Solar Eclipse Will Be Viewable In U.S.
Published: May 16, 2012
Solar Eclipse Will Be Viewable In U.S., Many national parks are in an ideal position for the sun’s spectacular show this weekend.When the sun vanishes behind the moon for the first time over the United States in this century, what better place to enjoy the view than from one of the 154 national parks that stand in its path?
Astronomy lovers in the United States will be treated to a partial disappearance of the sun behind the moon this Sunday (May 20). Only the Eastern Seaboard will be totally exempt. The eclipse will occur in the late afternoon or early evening of May 20 throughout North America, and May 21 for observers in Asia.
Over the course of the solar eclipse, the sun won’t vanish completely, but will remain as a ring around the moon for what is known as an annular eclipse. When the eclipse occurs, the moon will be near its most distant point from Earth, making it appear smaller in the sky and thus unable to block the entire sun. But it will still be a stunning sight.
Thirty-three national parks will see the full effect of the moon’s interference. Many western parks will be offering an array of events for their guests, ranging from placing telescopes out for viewing up to a full-scale astronomy festival.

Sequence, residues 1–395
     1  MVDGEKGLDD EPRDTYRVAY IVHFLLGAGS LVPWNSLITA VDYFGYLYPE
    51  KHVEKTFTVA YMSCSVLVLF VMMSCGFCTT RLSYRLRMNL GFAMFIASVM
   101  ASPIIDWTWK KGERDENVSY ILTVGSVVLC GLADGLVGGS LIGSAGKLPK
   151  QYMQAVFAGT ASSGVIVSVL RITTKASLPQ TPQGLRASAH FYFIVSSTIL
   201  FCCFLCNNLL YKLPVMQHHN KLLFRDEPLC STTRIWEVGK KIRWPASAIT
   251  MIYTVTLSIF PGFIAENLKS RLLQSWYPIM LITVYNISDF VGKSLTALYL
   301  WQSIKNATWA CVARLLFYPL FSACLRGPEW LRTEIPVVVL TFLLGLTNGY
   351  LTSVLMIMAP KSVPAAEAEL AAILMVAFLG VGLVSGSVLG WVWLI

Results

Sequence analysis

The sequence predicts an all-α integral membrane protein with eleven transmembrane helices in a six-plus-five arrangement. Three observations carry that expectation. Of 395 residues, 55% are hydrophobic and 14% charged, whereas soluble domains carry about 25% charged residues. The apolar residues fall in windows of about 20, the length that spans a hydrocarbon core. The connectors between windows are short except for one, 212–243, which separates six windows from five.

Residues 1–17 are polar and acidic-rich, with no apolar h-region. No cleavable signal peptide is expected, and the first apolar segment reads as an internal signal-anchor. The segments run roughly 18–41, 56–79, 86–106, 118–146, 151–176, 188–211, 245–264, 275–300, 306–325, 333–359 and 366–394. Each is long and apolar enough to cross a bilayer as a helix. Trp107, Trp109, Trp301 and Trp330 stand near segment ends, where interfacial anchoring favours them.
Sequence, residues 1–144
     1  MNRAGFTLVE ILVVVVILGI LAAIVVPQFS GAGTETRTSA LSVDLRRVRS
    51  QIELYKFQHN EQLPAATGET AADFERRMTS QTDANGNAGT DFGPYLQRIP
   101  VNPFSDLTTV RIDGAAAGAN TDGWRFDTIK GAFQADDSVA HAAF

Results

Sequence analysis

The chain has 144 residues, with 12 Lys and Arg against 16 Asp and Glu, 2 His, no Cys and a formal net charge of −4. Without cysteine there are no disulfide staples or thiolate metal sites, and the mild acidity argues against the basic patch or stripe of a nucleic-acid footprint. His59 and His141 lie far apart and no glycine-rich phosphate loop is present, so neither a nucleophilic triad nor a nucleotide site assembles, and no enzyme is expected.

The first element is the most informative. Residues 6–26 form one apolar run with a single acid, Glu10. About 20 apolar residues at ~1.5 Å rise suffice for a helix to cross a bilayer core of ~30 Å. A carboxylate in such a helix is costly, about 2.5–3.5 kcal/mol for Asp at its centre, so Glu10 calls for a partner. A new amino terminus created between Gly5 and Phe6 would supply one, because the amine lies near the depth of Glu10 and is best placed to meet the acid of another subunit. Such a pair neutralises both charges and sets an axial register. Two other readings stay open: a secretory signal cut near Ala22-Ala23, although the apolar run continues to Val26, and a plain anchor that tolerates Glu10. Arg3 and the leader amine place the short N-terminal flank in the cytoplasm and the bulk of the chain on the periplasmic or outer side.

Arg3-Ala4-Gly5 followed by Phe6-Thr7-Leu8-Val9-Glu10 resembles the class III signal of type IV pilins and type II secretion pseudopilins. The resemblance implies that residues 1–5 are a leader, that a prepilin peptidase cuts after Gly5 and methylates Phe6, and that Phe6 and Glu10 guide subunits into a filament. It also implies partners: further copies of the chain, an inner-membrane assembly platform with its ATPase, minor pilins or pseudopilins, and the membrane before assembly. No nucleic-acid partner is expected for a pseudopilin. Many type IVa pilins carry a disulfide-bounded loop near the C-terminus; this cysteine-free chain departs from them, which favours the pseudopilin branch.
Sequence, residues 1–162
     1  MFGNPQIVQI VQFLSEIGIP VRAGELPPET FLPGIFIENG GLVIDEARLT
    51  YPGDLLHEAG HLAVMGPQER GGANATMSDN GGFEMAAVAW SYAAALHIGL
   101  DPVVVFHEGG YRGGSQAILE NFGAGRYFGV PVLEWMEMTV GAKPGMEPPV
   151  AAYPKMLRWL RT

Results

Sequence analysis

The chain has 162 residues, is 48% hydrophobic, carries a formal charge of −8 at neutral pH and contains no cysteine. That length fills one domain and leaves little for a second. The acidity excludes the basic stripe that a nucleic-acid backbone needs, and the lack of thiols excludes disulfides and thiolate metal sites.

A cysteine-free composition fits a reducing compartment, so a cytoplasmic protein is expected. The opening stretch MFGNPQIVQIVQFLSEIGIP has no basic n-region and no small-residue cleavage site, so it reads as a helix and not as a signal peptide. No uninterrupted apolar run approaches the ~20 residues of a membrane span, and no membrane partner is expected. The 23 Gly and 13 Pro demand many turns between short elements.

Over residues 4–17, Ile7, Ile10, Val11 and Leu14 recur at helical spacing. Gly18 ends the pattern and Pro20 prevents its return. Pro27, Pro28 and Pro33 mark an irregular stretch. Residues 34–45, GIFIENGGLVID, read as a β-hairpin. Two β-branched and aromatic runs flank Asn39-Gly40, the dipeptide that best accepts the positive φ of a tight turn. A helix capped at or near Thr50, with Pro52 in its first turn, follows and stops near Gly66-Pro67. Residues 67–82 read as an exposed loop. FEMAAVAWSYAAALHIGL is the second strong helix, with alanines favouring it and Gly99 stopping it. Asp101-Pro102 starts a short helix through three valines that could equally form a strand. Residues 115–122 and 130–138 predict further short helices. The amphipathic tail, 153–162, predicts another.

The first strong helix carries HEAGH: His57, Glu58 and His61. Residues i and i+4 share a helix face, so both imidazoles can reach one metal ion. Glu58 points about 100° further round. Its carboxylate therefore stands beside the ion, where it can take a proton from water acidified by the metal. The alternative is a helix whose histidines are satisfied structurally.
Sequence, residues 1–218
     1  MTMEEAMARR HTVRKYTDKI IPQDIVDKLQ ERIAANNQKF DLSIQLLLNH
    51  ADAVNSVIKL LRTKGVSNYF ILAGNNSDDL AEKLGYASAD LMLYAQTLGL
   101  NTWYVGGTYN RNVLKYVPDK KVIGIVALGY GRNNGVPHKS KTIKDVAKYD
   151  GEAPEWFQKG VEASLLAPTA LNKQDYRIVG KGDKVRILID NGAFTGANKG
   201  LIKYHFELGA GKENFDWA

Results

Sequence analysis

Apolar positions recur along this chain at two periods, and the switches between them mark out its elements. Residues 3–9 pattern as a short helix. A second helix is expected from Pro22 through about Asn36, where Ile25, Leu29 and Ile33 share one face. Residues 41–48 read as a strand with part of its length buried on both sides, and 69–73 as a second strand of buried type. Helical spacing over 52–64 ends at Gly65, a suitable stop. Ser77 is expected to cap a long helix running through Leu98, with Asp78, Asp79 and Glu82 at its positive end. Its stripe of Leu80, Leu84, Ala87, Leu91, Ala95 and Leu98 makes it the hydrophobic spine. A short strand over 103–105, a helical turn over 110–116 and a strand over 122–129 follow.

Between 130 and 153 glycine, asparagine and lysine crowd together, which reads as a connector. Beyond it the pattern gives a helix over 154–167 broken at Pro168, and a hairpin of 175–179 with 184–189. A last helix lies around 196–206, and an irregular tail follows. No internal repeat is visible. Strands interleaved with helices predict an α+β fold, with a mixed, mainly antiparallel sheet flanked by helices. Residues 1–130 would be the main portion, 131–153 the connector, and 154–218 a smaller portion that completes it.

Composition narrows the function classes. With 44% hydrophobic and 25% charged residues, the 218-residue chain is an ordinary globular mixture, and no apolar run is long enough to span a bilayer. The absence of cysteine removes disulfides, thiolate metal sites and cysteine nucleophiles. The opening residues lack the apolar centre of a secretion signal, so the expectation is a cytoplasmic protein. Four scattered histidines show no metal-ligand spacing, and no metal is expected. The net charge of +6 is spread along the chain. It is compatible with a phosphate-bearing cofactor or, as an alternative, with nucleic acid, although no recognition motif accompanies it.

“We’re lucky that so many parks happen to lie within the path of the annular eclipse,” Grand Canyon park ranger Marker Marshall told OurAmazingPlanet.
The Grand Canyon park staff, along with the help of the Tucson Amateur Astronomy Association, will be setting up solar telescopes and helping people safely view the eclipse. NASA scientists will be present to talk about the eclipse, as well as recent lunar findings. They will also have eclipse glasses for sale and will demonstrate how to use binoculars to safely set up a projection of the eclipse on a piece of paper. After the eclipse, the park will host a star party.
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